Obviously, the big change within (Rare) at the moment is the emergence of Make It Personal and stepping into the huge challenge of climate change in the U.S. It’s my personal belief that climate scientists have been a little bit too reserved and a little bit too conservative in their projections so as not to be alarmist. But I actually think that they should be alarmist; This climate train is coming into the station a lot faster than people want to acknowledge. If we don’t address climate somehow, then all the work that we’re doing in the field with local fishers and farmers will just be wiped out. We’ve got to do something to not just mitigate the situation but also address the problem head-on.
What is your long term ambition for Rare? Where would you like us to be in 20 years?
For me personally, I would like the Rare name and brand to be the most well-thought-of and recognizable name in conservation, to be known as the organization best at inspiring hope and motivating people to work together towards change.
I don’t know specifically what our programs are going to look like 20 years in the future. But just in a general sense, I want us to be the most effective organization at motivating and inspiring engagement toward collective action for good: where people actually step up, contribute, and change their behavior.
Part of the reason why I have been such a supporter of Rare is that I love how Rare allows people to make decisions for themselves in the most appropriate way and doesn’t try to impose strict rules and regulations on people. I love that we are this really flexible, adaptable organization that listens to people and allows them to design solutions for themselves.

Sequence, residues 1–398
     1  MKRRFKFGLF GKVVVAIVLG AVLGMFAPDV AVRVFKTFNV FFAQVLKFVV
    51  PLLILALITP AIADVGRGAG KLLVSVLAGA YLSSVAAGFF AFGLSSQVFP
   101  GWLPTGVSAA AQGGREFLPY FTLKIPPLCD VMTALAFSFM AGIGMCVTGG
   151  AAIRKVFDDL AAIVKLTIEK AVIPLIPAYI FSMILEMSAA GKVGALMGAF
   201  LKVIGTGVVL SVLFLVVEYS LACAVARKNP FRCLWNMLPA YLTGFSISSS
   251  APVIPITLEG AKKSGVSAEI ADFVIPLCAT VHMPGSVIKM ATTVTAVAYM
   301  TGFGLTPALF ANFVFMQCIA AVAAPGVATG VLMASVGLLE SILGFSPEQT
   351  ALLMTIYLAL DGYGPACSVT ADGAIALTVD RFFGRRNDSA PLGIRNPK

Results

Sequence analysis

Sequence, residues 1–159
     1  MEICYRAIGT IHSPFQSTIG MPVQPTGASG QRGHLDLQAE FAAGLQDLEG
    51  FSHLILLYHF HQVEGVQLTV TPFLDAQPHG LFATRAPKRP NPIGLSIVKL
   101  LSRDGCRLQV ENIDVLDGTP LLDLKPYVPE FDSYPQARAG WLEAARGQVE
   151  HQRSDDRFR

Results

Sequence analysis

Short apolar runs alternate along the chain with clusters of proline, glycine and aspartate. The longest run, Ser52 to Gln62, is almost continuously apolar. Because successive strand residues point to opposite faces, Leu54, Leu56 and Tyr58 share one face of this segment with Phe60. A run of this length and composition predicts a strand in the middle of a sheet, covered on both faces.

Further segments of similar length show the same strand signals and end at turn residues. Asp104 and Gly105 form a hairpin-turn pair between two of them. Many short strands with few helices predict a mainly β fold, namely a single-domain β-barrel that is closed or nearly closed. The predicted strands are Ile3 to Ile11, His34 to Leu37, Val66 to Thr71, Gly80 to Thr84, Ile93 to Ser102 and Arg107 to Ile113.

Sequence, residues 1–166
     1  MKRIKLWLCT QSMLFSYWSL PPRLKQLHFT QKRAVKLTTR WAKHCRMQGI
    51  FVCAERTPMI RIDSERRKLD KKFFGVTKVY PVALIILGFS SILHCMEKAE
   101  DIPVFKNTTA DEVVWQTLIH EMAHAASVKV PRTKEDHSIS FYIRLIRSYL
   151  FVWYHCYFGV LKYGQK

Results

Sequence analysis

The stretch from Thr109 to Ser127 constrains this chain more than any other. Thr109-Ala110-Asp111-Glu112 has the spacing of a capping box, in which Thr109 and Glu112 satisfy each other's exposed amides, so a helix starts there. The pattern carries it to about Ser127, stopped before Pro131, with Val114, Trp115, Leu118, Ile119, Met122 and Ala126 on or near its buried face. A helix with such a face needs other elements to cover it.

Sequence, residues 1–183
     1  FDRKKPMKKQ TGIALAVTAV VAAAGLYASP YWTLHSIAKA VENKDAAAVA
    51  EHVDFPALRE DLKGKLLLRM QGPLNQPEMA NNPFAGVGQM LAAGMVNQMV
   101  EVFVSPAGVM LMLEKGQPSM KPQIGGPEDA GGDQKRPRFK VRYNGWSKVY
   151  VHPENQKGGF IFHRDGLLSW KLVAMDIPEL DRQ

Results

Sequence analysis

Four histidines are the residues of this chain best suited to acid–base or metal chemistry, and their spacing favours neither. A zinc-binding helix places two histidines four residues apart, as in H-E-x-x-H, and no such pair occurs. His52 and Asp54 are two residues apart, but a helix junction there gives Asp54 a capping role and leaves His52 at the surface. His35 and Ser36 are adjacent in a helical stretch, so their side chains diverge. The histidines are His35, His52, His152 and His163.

You’ve spoken before about applying that same approach as a philanthropist, by providing unrestricted support and trusting the organizations to make the right choices.
You’ve got to trust people to make decisions for themselves.
Unrestricted funding is the fuel that organizations need to thrive and to innovate. Just like a for-profit business needs R&D funds to experiment, you have to cast your net out there and try different ways of doing things until the right ones rise to the top as the proven path forward.
Although it is important, restricted funding doesn’t allow an organization to remain entrepreneurial and adapt with the times. And as we’re all seeing now with COVID, we really needed to be able to pivot and change our models and develop new ways of delivering and new products for delivery that were not in the budgets of these restricted proposals.
Finally, what gives you hope?
I really do believe that the vast majority of the people on this planet are kind and caring and if provided with knowledge, an opportunity, the necessary tools, and a path forward, they will choose to make responsible decisions.